Maria Bennett would probably still be painting in the rented studio space just 10 blocks away from her Northern California home, if the owner hadn’t sold it.
“I appreciated its rustic charm but it wasn’t very comfortable,” says artist Maria Bennett.
“I tried to find another rental but everything was too expensive and I didn’t want to share. So I started looking online for build-your-own garden sheds,” says Maria. “I quickly realized I wanted someone else to build it for me. That’s when I found Studio Shed. The right price. The right space. Once I ordered, I was impressed with how quickly everything happened.”
Maria selected an 8’x10’ Collins Design including a finished interior wired for electricity, extra awning windows and a glass door. It’s positioned in her backyard, angled for privacy, about 40 feet from her kitchen door. The shed is a warm yellow, exactly the same color her 1910 Victorian cottage is painted. Studio Shed matched her paint chip.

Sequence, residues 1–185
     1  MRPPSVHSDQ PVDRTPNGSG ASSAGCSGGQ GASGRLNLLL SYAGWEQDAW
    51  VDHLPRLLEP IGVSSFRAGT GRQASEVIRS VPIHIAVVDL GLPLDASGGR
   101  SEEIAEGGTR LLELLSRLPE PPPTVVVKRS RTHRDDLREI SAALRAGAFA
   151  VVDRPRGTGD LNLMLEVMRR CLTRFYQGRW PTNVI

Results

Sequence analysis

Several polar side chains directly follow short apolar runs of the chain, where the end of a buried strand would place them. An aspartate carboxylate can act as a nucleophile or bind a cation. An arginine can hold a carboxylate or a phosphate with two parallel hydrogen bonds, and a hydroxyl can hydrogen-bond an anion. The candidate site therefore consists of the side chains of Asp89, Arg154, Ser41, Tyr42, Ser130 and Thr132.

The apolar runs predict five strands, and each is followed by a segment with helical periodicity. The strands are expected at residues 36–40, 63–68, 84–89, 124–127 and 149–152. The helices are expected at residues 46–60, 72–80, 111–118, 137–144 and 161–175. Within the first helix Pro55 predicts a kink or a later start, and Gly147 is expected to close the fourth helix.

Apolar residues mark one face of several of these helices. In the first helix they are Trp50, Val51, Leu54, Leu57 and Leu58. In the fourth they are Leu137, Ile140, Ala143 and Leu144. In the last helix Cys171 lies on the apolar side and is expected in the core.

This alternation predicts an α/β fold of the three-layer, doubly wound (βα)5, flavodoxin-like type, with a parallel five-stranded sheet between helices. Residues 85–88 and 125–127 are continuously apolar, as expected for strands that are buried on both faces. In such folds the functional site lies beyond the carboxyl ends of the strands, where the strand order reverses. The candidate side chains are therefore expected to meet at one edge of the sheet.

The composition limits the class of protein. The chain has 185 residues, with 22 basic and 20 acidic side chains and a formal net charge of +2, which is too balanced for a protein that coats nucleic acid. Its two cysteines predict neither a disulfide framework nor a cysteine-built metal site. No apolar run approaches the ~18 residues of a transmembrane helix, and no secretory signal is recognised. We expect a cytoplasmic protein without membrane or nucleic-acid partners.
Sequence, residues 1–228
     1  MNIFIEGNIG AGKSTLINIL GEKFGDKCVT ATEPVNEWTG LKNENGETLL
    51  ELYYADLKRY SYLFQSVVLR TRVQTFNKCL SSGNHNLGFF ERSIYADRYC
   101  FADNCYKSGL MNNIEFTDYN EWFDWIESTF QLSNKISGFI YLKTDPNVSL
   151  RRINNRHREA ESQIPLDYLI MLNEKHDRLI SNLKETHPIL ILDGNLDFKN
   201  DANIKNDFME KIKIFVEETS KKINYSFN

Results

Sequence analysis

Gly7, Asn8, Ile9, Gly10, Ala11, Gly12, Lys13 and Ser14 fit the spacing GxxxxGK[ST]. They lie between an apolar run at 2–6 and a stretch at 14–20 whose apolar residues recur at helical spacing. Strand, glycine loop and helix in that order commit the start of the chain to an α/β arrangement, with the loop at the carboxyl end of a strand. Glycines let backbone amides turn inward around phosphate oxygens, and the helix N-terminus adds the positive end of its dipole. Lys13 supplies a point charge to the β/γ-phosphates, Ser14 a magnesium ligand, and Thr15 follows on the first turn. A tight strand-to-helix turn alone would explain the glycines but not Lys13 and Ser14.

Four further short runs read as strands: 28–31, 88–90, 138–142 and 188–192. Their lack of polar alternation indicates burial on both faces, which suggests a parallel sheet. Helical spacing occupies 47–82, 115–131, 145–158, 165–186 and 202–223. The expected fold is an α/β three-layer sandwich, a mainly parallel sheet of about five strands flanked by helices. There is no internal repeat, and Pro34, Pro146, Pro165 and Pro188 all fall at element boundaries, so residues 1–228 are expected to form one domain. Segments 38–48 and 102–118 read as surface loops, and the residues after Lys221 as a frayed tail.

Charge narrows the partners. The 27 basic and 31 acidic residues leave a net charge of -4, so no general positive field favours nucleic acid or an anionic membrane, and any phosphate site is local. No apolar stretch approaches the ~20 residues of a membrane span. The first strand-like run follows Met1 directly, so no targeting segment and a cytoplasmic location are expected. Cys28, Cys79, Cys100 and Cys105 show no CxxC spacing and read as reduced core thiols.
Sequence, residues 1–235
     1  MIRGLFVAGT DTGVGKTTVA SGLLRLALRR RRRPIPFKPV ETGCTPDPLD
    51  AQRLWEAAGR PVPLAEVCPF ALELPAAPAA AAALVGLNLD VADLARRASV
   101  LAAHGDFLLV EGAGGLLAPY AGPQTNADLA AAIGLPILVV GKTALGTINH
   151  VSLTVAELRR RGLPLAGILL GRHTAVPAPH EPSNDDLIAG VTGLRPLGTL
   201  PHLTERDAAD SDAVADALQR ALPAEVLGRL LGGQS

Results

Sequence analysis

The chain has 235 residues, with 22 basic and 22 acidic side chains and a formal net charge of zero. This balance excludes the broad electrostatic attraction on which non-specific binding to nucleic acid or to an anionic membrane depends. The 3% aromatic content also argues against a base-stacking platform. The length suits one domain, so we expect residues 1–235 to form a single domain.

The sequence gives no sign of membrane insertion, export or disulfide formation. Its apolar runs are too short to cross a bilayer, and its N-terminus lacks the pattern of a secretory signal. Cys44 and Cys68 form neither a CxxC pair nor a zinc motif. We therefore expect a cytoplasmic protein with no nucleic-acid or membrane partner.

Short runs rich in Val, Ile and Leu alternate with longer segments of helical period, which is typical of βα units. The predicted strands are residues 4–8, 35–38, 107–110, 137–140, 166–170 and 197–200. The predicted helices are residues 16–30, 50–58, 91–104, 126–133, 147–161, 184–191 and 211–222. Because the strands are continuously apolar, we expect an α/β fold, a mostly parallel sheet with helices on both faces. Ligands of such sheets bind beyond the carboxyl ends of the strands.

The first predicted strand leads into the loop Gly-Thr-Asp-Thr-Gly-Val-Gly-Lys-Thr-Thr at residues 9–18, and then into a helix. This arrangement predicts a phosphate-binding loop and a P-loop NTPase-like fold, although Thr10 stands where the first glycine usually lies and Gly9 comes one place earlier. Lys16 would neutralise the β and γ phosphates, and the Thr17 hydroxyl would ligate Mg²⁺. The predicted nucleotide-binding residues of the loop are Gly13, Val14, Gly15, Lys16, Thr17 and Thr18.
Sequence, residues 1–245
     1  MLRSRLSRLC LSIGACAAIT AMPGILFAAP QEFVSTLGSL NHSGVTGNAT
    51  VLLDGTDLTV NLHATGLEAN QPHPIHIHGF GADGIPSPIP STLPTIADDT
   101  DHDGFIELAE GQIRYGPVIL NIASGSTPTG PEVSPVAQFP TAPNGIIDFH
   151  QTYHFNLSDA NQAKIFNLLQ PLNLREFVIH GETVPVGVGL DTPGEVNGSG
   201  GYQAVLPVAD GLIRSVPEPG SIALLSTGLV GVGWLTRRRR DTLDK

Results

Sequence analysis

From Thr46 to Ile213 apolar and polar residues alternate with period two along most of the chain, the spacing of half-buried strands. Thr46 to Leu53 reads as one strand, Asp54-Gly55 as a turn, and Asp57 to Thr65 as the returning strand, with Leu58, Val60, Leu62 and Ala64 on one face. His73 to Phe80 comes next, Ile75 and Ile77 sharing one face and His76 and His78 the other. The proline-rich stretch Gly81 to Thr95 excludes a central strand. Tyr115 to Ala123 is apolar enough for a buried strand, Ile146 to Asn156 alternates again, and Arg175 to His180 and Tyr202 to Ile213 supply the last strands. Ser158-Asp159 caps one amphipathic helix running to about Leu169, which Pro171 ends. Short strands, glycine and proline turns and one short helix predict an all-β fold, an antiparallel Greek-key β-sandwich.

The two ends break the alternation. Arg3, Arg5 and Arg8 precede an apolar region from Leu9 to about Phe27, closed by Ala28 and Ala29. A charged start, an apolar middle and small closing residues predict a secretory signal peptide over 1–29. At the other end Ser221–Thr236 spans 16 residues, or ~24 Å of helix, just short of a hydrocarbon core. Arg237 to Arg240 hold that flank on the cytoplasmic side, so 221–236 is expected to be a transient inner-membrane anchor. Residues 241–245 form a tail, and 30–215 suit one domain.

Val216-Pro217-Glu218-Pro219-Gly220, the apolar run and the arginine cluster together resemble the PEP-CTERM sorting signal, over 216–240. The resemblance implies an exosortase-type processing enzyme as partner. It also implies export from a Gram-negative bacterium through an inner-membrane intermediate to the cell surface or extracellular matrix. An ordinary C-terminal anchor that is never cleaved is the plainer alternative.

Maria admits that her husband was dubious at first about putting her studio in the small space that was their only lawn. He worried that its modern lines might make it look like an alien spaceship had landed next to their traditional cottage.
But it worked beautifully and provided an unexpected bonus: their yard suddenly worked better: it was more charming and more livable, too. The studio’s placement created a series of intimate spaces, some separated by different levels. They added a fire pit in one area, a deck in another. Behind the shed, which completely screens them from their neighbors, they added a deck with a cedar hot tub. There, next to the magnolia tree, they happily soak under the stars.
For Maria, having her own studio is bliss. “I love being in there,” she said, “It’s quiet, peaceful and no one can see in. It’s like entering another world where I have absolute privacy. The way the windows are positioned I get great light and great ventilation, which is important when you paint with oils. Best of all: it’s my space and my three kids respect my privacy there.
In the end, the only thing Maria had to give up were her chickens. Her studio now sits on their former turf. No problem, her neighbor took them in. They live next door.